Teaching Kids How to Navigate our Digital World
You hear a lot these days about Generation Z, the kids who were practically born with an iPhone in their hands, and those who can’t fathom why some computers or screens won’t swipe right or respond with the mere touch of their finger. It’s easy to assume that kids these days know technology better than most of us adults, but do they know about the dangers that can come with posting their pictures on Snapchat? Or what could happen if they click on a link in an email they got from a stranger?
Sadly, often times they don’t. To help fill in this gap, Cable Impacts has partnered with PopSugar Mom to spread the word about the importance of helping kids to better understand and navigate the digital world. With children out there connecting with their friends and playing games online, it’s more critical than ever that parents become involved in monitoring their TV-watching and educating their kids about how the Internet works.
When we joined up with PopSugar Mom, we looked to their expertise on how to spread this important message. They suggested an interview and we couldn’t have agreed more. We suggested a few subject matter experts who could detail the importance of early introduction and a warm, welcoming approach to Internet education. They went with a 6-year-old. It couldn’t have turned out better.
You can see the full interview here that, while meant to be a bit of a laugh, really does point out how complex daily Internet engagements can be for an adult, let alone a child. They may be good on an iPhone, but kids certainly don’t know what spyware is and how dangerous a computer virus can be.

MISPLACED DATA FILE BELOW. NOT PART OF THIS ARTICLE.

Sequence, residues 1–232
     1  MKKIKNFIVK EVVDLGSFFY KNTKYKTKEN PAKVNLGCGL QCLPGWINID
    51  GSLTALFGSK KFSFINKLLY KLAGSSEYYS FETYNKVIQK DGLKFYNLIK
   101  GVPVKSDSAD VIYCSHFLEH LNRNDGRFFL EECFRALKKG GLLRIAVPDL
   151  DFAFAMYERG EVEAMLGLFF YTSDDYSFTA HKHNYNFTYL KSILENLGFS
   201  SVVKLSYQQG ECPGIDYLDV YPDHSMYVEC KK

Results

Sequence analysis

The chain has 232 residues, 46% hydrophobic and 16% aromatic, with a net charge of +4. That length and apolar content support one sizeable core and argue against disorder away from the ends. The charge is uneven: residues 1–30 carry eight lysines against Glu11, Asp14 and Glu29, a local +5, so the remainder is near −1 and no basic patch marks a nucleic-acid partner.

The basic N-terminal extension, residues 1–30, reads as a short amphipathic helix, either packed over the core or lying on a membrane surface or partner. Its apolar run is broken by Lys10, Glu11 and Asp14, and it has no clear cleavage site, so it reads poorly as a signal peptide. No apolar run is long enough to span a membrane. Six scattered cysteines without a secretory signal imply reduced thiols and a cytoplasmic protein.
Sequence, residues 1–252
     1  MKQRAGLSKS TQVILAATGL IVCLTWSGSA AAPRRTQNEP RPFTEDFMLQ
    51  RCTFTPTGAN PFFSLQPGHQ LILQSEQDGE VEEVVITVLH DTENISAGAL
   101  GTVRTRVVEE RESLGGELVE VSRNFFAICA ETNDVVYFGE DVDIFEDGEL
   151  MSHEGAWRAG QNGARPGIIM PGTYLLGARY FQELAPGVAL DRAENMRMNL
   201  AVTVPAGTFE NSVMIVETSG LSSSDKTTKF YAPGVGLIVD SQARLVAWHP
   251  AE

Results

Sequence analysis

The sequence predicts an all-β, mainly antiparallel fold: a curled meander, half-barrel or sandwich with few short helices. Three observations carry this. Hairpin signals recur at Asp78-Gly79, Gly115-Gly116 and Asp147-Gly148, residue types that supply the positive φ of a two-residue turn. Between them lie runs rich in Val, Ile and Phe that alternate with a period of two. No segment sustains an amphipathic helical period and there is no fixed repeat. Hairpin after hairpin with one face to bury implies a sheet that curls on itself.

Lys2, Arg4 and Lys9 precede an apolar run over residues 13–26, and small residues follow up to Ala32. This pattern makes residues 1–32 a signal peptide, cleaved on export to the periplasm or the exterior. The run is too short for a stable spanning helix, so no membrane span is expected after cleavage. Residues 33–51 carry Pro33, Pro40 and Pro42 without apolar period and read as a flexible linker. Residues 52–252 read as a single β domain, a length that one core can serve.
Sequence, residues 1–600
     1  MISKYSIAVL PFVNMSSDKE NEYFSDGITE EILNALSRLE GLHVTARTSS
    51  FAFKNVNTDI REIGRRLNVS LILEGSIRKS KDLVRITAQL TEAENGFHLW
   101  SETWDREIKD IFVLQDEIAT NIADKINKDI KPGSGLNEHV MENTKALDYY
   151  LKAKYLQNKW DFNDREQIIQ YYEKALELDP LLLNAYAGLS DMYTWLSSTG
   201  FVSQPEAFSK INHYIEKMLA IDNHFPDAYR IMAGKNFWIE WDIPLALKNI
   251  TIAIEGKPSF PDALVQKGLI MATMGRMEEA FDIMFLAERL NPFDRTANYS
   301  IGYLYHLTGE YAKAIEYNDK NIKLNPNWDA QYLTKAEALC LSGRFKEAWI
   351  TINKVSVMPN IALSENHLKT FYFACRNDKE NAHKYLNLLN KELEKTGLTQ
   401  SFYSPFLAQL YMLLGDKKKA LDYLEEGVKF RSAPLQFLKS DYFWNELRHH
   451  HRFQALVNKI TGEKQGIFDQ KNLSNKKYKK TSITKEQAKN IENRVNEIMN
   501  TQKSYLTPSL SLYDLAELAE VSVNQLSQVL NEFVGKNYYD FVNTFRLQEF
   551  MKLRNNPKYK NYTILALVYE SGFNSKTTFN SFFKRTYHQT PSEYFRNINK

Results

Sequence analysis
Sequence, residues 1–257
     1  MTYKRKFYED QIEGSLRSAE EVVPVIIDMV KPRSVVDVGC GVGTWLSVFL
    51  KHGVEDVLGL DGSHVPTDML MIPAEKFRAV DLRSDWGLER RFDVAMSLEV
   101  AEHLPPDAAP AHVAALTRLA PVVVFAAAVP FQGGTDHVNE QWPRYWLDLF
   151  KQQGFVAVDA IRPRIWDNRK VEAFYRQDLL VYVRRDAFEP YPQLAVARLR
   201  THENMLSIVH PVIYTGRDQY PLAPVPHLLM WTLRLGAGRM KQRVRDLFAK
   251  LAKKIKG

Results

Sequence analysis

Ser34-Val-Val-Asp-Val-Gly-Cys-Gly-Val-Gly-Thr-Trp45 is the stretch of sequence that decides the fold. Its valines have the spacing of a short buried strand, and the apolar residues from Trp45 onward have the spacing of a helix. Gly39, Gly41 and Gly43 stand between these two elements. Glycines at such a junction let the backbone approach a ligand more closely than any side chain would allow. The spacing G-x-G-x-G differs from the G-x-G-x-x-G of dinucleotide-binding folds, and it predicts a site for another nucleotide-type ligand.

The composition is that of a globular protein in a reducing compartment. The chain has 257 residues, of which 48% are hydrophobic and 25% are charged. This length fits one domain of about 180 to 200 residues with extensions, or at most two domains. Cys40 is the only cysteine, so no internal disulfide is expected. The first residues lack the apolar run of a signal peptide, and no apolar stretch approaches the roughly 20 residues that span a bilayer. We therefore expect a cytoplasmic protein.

That’s where FamFriendly.com, an initiative launched by Cable Impacts, comes in. On the website, parents can find tools and resources to help filter programming for kid audiences, as well as a TV ratings page that outlines a show’s suitability by age. The site also emphasizes security, encouraging parents to consider certain software to keep their kids safe online. Websites on social media privacy are listed to assist parents in teaching their children to be cautious of putting their private information and photos on open online forums. Tips for media literacy training are also provided on how to get kids questioning and thinking critically about the pieces of media they come across on the Internet or on TV, and on how to act ethically and responsibly while online.
Many cable companies offer options for parents to block out specific programming, as well as instructions on how to set up parental controls. Parents are encouraged to take the first step in shaping their children into smart and responsible digital citizens by checking out some of the offerings available.